Discussion in 'Star Trek - Original Series' started by Coloratura, Mar 4, 2009.
Didn't Scotty say "merely impulse", though?
He said "...simple impulse."
Given that when the Enterprise D would sometime need additional speed Riker would order full impulse, it's reasonable to suppose that that the power of impulse engines can be fed into a warp drive. Looking at how far the outposts were apart, based on how fast the Enterprise's "blip" was moving on the map, it's difficult to see how the Romulan ship could attack the multiple outposts at slower than light speeds.
Impulse engines ... Yes
Warp engines ... Yes
M/AM reactors ... No
The impulse thing is a common mistake in Star Trek and science fiction. My impression is many people think that sublight speeds of thousands of miles per second are slow but still fast enough to move from one star system to another in a reasonable amount of time. The writers grossly understate the vastness of space.
^ It's a commonly quoted fact that the nearest star to our own sun, Proxima Centauri, is more than 4 light-years away. You'd think writers would have that drilled into their brains by now.
All those times Kirk ordered them on to their next assignment at warp one, I'd go, "What? Don't you want to get ther in your lifetime?!"
What impressed me most about this episode was the closing shot, Kirk walking through the corridors of his ship, resolved, willing to do anything to protect his ship. Even on multiple watchings I find this image very powerful.
Even if they had, they'd probably think a light-year is a measure of time.
Yes! I always liked that. The music plus the imagery was powerful indeed.
This never happens. Rather, in the episode "Conspiracy", Riker orders higher warp speed and LaForge responds with "Aye, full impulse". A bad joke from the famously bad jokester, perhaps?
It sounds as if it's actually us who're in error here. Nowhere in canon is it established or even suggested that warp 1 would be the speed of light. Quite to the contrary, it's clear from TOS and VOY at least that warp 1 is a credible interstellar speed, and so are warp 2 and warp 3. It's just that warp 5 seems to be the threshold "plot speed" where the ship can get from Important Planet A to Important Planet B in the required plot time of less than a day.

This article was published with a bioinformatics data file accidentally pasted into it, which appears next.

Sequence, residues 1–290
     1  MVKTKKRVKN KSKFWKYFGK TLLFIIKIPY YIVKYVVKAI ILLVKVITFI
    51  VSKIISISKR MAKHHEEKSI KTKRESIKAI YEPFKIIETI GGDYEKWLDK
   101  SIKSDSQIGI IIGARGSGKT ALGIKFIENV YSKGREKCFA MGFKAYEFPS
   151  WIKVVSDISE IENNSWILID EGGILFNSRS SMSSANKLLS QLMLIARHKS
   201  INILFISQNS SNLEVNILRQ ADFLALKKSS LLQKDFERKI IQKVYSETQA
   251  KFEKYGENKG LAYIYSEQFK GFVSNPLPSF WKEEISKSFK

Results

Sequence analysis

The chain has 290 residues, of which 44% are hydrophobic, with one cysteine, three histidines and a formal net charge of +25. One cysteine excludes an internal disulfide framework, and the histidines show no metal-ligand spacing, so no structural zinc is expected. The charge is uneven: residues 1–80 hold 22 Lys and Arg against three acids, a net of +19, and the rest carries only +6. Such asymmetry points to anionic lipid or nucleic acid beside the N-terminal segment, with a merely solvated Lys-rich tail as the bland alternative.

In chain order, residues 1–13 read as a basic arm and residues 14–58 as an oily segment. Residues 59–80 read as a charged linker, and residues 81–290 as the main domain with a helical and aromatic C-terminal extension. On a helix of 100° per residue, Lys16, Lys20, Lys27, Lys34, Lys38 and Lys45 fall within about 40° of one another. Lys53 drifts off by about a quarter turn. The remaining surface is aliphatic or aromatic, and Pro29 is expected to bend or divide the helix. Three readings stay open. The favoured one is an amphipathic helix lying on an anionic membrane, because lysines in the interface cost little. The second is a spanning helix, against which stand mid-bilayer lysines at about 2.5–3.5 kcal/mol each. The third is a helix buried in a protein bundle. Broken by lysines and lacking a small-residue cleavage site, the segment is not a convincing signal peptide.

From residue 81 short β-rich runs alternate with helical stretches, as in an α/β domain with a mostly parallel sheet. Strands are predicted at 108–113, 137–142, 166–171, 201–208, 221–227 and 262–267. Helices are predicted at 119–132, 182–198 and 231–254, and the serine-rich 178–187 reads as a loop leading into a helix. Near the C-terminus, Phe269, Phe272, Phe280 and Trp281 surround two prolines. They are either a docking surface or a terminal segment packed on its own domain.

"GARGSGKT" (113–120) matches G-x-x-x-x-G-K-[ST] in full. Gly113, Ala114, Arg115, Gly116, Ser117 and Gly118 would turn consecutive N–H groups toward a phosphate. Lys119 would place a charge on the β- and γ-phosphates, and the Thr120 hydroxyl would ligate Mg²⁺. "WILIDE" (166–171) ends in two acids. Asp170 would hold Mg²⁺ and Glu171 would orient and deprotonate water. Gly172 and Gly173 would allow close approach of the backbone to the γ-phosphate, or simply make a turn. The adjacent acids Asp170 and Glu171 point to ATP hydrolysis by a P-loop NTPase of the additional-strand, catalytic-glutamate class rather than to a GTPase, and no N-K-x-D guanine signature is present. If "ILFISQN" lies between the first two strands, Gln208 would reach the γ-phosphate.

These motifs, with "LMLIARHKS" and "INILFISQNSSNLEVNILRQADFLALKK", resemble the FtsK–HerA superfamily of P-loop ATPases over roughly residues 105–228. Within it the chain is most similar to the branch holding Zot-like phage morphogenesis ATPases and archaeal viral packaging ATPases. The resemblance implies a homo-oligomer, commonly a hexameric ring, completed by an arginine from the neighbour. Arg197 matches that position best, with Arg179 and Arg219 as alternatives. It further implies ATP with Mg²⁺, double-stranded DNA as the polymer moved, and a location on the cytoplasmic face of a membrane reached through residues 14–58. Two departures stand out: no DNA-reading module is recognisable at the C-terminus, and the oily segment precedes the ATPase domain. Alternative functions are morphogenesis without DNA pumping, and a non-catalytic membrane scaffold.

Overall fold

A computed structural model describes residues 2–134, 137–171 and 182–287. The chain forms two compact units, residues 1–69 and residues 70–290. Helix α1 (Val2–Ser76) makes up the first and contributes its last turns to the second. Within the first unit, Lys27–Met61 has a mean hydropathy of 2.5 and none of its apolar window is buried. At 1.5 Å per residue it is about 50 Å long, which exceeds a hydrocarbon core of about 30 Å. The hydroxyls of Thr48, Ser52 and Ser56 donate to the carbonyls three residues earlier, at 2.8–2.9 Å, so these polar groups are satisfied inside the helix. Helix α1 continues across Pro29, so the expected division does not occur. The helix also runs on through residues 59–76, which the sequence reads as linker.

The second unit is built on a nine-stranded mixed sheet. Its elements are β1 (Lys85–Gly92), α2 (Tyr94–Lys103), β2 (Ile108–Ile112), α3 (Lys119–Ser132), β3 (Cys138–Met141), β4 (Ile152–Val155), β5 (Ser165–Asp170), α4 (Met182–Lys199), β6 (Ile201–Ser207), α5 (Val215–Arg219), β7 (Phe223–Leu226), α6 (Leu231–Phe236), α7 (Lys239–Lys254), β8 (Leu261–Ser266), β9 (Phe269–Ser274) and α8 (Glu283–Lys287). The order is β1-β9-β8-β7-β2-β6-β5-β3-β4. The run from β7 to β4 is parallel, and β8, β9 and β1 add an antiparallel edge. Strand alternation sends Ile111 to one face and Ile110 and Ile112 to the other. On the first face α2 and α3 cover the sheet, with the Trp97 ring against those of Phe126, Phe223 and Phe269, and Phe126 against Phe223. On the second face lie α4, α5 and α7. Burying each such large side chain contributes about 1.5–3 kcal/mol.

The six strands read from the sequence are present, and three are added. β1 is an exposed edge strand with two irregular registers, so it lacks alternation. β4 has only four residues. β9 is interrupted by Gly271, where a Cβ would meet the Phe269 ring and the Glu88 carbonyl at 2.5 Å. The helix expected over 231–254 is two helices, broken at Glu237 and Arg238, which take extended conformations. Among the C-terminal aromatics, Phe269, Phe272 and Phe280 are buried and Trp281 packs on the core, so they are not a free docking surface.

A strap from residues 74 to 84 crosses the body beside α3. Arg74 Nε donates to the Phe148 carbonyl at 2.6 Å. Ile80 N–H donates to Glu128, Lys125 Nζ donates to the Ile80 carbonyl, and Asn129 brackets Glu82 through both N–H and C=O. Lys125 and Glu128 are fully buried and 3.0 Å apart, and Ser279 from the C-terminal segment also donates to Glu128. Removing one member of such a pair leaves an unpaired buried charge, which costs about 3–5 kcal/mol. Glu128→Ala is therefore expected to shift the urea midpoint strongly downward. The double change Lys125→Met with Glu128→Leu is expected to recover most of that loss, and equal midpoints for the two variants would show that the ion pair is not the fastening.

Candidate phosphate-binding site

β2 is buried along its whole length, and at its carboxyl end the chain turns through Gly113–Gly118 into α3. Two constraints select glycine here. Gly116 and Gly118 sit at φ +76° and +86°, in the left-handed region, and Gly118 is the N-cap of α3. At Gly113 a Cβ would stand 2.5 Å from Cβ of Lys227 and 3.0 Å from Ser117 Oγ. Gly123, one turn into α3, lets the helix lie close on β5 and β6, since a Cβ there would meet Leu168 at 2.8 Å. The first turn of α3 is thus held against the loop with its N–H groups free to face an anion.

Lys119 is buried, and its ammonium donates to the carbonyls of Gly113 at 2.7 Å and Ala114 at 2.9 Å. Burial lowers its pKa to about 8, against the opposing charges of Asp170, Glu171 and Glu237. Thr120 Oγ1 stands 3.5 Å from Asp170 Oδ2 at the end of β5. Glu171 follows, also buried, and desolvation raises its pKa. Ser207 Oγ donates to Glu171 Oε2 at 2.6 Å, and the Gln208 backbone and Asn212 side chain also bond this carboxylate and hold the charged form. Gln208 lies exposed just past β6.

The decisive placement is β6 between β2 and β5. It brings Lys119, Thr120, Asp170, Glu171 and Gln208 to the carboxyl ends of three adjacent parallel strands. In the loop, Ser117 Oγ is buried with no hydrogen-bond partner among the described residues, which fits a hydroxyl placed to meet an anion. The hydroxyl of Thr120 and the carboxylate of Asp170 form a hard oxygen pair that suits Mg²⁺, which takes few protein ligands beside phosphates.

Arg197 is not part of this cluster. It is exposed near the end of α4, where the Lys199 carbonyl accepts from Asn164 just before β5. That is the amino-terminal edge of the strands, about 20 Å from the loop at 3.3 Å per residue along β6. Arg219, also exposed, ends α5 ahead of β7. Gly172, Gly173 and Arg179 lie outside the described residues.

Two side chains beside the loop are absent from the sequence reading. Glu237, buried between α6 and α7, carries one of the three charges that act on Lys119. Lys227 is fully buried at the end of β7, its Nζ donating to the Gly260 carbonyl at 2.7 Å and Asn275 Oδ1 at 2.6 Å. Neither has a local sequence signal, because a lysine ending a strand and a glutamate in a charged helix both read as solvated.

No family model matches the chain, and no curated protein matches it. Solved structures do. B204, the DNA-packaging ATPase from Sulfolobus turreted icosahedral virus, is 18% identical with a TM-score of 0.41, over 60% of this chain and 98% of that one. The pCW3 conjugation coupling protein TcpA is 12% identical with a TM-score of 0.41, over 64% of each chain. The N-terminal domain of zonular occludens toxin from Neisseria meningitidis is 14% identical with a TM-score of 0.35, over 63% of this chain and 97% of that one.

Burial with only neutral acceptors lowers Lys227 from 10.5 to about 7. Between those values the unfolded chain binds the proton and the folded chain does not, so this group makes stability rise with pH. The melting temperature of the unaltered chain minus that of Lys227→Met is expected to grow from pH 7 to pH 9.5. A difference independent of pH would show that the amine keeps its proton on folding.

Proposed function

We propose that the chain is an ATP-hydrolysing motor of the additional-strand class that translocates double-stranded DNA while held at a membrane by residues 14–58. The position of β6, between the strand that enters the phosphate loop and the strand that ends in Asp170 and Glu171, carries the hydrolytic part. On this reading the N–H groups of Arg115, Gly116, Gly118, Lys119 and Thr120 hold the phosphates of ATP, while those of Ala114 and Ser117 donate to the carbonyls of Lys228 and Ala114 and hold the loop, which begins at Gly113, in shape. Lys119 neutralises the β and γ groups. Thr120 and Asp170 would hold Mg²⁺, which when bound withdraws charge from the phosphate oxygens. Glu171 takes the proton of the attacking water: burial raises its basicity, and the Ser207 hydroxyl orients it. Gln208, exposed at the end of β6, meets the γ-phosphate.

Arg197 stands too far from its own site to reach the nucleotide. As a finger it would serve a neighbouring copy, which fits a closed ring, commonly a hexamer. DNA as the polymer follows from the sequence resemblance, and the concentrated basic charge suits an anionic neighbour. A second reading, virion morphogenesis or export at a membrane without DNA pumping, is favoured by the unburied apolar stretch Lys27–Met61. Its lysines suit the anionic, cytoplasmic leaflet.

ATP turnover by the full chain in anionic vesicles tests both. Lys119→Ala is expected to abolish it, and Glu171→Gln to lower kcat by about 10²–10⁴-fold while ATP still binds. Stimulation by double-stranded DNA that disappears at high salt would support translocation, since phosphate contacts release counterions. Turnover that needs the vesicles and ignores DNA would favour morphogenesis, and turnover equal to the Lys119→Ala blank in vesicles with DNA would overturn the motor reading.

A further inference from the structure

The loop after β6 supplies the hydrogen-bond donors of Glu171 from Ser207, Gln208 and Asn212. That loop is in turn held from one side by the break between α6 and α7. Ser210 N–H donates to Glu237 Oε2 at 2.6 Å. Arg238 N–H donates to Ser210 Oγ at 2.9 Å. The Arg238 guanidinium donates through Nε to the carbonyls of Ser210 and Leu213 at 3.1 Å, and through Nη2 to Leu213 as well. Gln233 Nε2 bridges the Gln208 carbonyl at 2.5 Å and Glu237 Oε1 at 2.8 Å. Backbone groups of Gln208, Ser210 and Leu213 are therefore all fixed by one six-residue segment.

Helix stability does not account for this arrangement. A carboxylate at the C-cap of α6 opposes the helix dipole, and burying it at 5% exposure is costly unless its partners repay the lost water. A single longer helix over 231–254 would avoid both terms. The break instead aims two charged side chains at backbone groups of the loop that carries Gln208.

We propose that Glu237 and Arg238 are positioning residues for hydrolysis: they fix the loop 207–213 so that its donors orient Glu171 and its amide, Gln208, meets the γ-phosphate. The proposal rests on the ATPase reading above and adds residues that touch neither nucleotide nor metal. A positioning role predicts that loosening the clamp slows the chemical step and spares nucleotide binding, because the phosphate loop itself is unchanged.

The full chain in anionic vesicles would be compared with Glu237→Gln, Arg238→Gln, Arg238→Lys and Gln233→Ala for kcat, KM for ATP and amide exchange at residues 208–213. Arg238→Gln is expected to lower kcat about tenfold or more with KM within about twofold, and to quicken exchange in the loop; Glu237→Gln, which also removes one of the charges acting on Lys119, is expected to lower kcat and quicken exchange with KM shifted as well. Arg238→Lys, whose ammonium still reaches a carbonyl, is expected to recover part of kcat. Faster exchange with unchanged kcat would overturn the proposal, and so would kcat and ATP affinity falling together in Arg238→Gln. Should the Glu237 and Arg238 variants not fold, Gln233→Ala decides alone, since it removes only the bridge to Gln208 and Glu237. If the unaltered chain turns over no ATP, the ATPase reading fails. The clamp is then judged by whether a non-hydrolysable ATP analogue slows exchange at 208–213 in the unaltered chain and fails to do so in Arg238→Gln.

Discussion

I agree. That was an extremely evocative sequence. He's prevented a war, saved the ship, consoled the young widow and now it's back to business. It could have been wildly overdone, but instead it was brisk and believable.
I bet he went and had a Miller.
Yep. One of my favorite endings. I wish they'd done more of these... the Captain walking about the decks, expressions of deep thought on his face.
There was another kind of "unfocused" segment I really liked. In "Squire of Gothos" when they've all returned to the ship and have put Gothos behind them, there's a moment where nothing is happening. Just routine ship operations. It was a nice, interesting "break". For a moment, it looked like the episode was over unusually early.
That's 'cause Kirk is DA MAN!
"Balance of Terror" is probably my favorite episode, and the whole military theme of the episode feels very authentic (aside from embracing the beautiful Yeoman). That's something about the first season that Trek's never really been able to capture since - that authentic military feeling of life onboard an isolated ship. It might feel cold to some, but as someone whose been in the Navy for 15 years and counting, it's very familiar, and oddly comforting to watch that first batch of episodes. It's easy to see that Trek was written by people whose experience with military life went beyond watching war movies. Early Kirk is pretty much the ideal CO.
On the flipside, I've been re-watching early TNG, and I see in Picard a lot of attributes that I've really disliked in some COs that I've had. I know that he improves later, but he comes off as a powerfully crappy captain in those early episodes. Like his dismissive and arrogant attitude towards Riker, his impatience with Data, wanting to either get with or get rid of Crusher, and so on.
I dunno, I mean after how everyone says that the TNG crowd were too perfect you're upset that Picard was acting clearly imperfect? It just makes it better that he DID get better.
One more thing I liked in this episode was how they managed to get an emotional tug at the heart over a trivial subplot of the married couple. I mean sure, you should've seen it coming since it's cliche for the happily married ones to get killed but the storytelling and acting actually make it a surprise when it happened. The widow's grief, Kirk doing his best to console her, it just really gets you.
Did the Dohlman make that mistake in Elaan of Troyius?
I suppose she could be talking about distance, but given the context...
Kirk should have said: "Ten light years? So... about 30 minutes!"
The dohlman wasn't exactly a scientist. She was pretty much the Elaasian equivalent of Paris Hilton. Nothing like a starship pilot like Han Solo making the same mistake.
(OTOH, putting it like that would make sense in the context. The Dohlman's education was going to last for as long as a trip from A to B did. She could well be arguing that the education stood no chance of success even if the trip were extended to an absurdly distant C.)
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